Failure, Not a
The financial collapse has its roots in a series of government actions that have distorted and obscured the true nature of home ownership.
By John H. Makin
As a people we need, at all times, the encouragement of home ownership.
HERBERT HOOVER, 1932
N~1 HE IDEA that home ownership
\ J confers special benefits on American society is deeply embedded in our culture—so much so that our national tax policy confers a special benefit of its own on it. Home owna ership is granted an advantage over all other forms of ownership in the form of an enormous deduction on the interest payments most individuals incur in financing their homes. Nothing else in
J O H N H . MAKIN is a visiting fellow at the American
Enterprise Institute and a principal at Caxton Associates.
the tax code comes anywhere near that deduction in scope or size. We have decided, as a nation, that home ownership is not only a good thing for an individual or a family, but that it is beneficial for the public at large and the country as a whole. Otherwise, why would it be necessary for the government to give it this kind of preferential treatment? Without it, clearly, we believe that the national rate of home ownership would be lower, and that a lower rate of home ownership would be deleterious to our common weal.
After 2000, the national push toward home ownership intensified in three dimensions, leading to a doubling of housing prices in justfiveyears' time. First, the Federal Reserve Board's interest-rate policy drove down the cost of borrowing money to unprecedented lows. Second, a common conviction arose that home ovraership should be available even to those who, under prevailing conditions, could not afford it. Finally, private agencies charged with determining the risk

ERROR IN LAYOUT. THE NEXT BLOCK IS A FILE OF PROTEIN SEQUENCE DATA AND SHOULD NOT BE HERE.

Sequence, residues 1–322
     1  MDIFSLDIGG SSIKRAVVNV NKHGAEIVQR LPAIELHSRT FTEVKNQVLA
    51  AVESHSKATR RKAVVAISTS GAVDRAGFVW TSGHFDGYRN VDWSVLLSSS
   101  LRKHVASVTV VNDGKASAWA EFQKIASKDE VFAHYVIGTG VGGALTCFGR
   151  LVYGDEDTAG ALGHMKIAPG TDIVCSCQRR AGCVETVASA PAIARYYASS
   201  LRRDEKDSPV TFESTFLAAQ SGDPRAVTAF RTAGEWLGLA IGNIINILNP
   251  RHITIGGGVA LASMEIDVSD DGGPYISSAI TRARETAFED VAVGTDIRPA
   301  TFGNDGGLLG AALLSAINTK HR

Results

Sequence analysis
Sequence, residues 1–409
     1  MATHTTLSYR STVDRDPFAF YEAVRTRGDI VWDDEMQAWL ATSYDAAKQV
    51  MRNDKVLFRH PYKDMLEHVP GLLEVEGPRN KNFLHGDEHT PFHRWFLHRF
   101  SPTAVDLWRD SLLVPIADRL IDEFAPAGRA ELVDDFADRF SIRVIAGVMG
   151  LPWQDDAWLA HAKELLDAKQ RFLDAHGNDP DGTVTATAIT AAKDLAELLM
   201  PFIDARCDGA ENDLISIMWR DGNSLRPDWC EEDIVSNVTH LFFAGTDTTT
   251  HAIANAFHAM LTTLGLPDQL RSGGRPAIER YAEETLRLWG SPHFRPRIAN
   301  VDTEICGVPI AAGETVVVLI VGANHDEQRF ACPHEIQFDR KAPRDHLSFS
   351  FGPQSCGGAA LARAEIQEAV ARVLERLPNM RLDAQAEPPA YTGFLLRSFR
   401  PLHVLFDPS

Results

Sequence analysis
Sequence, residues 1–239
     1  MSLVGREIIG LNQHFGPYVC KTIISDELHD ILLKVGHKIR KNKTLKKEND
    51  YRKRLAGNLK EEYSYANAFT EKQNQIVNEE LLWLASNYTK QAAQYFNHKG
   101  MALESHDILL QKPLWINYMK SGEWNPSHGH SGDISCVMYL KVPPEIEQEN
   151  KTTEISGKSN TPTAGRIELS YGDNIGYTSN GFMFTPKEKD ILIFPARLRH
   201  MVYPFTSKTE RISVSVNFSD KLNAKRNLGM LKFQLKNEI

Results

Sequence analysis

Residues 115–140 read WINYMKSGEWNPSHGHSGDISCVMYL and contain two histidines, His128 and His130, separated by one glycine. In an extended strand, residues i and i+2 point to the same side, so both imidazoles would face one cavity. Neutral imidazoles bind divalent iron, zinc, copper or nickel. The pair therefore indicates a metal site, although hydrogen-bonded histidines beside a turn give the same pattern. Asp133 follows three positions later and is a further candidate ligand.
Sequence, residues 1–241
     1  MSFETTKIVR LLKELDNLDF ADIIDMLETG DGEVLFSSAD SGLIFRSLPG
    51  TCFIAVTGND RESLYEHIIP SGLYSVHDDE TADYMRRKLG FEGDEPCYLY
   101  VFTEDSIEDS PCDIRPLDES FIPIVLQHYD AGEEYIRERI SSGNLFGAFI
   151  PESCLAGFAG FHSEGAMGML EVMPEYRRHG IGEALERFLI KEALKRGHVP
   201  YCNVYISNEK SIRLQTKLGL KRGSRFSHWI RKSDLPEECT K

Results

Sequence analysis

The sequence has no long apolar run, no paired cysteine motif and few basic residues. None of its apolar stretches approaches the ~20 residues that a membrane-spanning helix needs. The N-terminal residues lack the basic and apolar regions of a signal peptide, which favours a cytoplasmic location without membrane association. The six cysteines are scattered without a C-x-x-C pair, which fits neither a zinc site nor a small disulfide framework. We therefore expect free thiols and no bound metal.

This is not to say that there is no such thing as market failure. There are many instances of market failure. Someone may possess information that others do not, as in insider trading, and thereby gain an illegitimate leg up. There may be too few players in a given market, which allows them to manipulate, hoard, and toy with prices. Capricious government intervention in cases where it is neither required nor appropriate constitutes another condition that may create a market failure.
There are also cases of market failure in which some people get a free ride while others bear a disproportionate burden. This is the case in national defense, for example, in which soldiers bear a burden non-soldiers do not. Consequently, a government subsidy for national defense is necessary for the maintenance of security and power, and the overwhelming majority of citizens acknowledges it and does not complain about it. National defense is a public good, perhaps the original public good.
Owner-occupied housing is something else that has been deemed a public good. Herbert Hoover's affirmation of the need for encouragement of home ownership "at all times" came in 1932 at the fiercest stage of the Great Depression. Others have made powerful arguments that homeowners make better citizens and contribute to stable communities. Why renters do not and cannot offer the same contribution to the public good is never specified, but existing homeowners, homebuilders, mortgage lenders, and mortgage servicers have all seized on the idea that subsidizing home ovraership is "Parieto optimal."
Subsidies for home ownership—in the form of full deductibility of mortgage interest, lower mortgage borrowing rates derived from government guarantees
CCORDING to The New Palgrave Dictionary of for mortgage lenders like Fannie Mae and Freddie
Economics, an invaluable collection of pre- Mac, and deductibility of local real-estate taxes—have
-cise summaries of virtually every topic in the long benefited those who own homes at the expense dismal science: "The best way to understand